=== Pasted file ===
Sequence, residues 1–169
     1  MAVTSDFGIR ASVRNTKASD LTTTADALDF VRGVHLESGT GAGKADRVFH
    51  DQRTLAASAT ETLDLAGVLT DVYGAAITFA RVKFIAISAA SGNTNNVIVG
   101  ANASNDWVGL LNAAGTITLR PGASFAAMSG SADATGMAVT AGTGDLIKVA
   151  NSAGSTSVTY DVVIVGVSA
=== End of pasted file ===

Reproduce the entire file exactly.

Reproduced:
Sequence, residues 1–169
     1  MAVTSDFGIR ASVRNTKASD LTTTADALDF VRGVHLESGT GAGKADRVFH
    51  DQRTLAASAT ETLDLAGVLT DVYGAAITFA RVKFIAISAA SGNTNNVIVG
   101  ANASNDWVGL LNAAGTITLR PGASFAAMSG SADATGMAVT AGTGDLIKVA
   151  NSAGSTSVTY DVVIVGVSA